Battle of Scary Creek re-enacted
If they are willing to look, there are thousands of West Virginians who can trace their ancestry to soldiers in the Civil War, said Scott Williamson, director of the Putnam County Parks and Recreation Commission.
The state, which was born of the Civil War, shares most of its anniversaries with the war, including this year's 150th statehood anniversary, a fact that is not lost on Williamson.
He said he hoped the hundreds of people who attended Hurricane Civil War Weekend at Valley Park felt those connections to their state and personal history during the event.
"Since this year is West Virginia's sesquicentennial, we wanted to be a part of kicking off that celebration by really showing people this big part of the state's past," said Willimason. "You hear it all of the time, but by bringing back all of these items and stories from the past, it shows a surprising amount of parallel to things we are dealing with in modern time. If we take the time to explore these things here or pick up a book and do it, we can learn how to avoid the mistakes of the past."
Saturday marked the third day in the four-day weekend event, which commemorates two engagements of the Civil War, the Battle of Scary Creek, which took place in July 1861, and the Blue and Gray Skirmish at Hurricane Bridge in March 1863.
Re-enactors clad in blue and gray wool apparel re-enacted the Battle of Scary Creek on Saturday afternoon. The re-enactment of the Blue and Gray Skirmish will take place at 2 p.m. Sunday at the park.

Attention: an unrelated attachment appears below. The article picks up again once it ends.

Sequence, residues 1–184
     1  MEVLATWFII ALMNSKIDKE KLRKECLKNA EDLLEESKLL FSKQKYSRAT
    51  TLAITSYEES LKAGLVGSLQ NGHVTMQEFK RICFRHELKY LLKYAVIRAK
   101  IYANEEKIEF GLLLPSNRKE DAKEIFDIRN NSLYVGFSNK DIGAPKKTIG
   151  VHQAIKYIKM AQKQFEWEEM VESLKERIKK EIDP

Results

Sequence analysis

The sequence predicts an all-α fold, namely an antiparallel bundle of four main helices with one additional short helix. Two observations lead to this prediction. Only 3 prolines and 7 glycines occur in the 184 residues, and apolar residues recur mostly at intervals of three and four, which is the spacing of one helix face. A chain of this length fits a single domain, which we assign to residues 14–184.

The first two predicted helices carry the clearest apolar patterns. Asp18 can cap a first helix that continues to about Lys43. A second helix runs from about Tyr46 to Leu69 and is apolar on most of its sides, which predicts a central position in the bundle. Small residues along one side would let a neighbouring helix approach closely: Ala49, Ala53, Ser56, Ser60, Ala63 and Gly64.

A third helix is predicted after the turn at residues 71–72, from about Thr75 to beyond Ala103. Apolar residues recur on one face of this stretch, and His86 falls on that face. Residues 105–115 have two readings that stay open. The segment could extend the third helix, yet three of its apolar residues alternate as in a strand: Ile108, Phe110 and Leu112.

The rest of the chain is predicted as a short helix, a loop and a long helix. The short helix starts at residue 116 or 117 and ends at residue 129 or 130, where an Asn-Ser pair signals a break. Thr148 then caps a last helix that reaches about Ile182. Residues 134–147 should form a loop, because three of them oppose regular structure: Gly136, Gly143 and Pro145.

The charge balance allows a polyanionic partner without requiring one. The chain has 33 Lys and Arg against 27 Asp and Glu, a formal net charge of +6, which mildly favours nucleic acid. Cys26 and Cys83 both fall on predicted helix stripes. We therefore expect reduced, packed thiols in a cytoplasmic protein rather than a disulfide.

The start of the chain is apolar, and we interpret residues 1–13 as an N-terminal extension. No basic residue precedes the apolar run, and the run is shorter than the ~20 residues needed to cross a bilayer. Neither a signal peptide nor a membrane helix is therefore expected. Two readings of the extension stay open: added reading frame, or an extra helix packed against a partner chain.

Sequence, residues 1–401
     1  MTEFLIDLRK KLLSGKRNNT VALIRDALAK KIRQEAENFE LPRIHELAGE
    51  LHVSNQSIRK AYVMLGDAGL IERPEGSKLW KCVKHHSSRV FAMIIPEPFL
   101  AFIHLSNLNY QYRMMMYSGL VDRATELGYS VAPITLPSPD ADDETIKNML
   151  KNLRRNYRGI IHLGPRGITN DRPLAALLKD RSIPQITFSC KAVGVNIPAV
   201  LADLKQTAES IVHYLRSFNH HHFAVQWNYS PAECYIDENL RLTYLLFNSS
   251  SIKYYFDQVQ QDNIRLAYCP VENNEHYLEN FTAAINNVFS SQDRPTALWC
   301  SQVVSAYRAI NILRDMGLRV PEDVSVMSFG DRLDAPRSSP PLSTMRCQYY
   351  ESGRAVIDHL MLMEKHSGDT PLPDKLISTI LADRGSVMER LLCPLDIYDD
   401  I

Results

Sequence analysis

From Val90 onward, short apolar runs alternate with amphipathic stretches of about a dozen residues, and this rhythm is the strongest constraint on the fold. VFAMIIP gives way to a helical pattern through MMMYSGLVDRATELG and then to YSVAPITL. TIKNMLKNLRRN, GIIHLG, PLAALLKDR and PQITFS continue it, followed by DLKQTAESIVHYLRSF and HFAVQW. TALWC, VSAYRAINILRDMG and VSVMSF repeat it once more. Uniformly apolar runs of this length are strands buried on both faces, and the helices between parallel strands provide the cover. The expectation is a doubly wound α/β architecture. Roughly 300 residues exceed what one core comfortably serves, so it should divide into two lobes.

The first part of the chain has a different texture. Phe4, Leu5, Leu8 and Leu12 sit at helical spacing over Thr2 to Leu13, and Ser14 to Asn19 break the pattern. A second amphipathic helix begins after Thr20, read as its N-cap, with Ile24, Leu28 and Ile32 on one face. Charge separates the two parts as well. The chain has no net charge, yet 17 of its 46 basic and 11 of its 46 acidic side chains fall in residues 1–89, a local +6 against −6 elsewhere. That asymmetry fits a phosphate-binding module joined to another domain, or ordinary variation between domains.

The event is one that has blossomed from a small group of re-enactors 16 years ago to multiple re-enactments, presentations from historical impersonators of Abraham Lincoln and Robert E. Lee, a military ball and even a display of a replica of the H.L. Hunley, a Confederate submarine, which was the first combat submarine to sink an enemy warship.
John Dangerfield, of Charleston, S.C., was part of a team that recovered the original Hunley from the Atlantic Ocean in 2000, and he built the replica in 2003. Since then, he said the replica has traveled from Massachusetts to California and several states in between for displays that have been as educational for Dangerfield as they have been for those participating in them.
"When I first started putting it on exhibition, I got a lot of requests from places in California, which was really confusing for me," said Dangerfield. "When I finally went there, I realized how rich that state was in Civil War history -- even Alcatraz was built as a fort during the war. I realized this is something that reflects a lot of history for a lot of people in places I didn't really even think about."
He said while the Confederacy was on the losing side of the war, there are still traces of the American spirit in looking at relics from the South as well as the North.
"When I look at something like this it reminds me about the lengths people will go to protect their own way of life," said Dangerfield. "You know, there are a lot of things people think of when they think about the Civil War, but for those people who were fighting the battles, it wasn't about a political statement; it was their lives."
Hurricane Civil War Weekend will open to the public again at 9 a.m. at Valley Park, where there will be horse-drawn wagon rides, a dress parade and a final re-enactment, which will begin at 2 p.m.
For more information, visit www.civilwardayswv.com.
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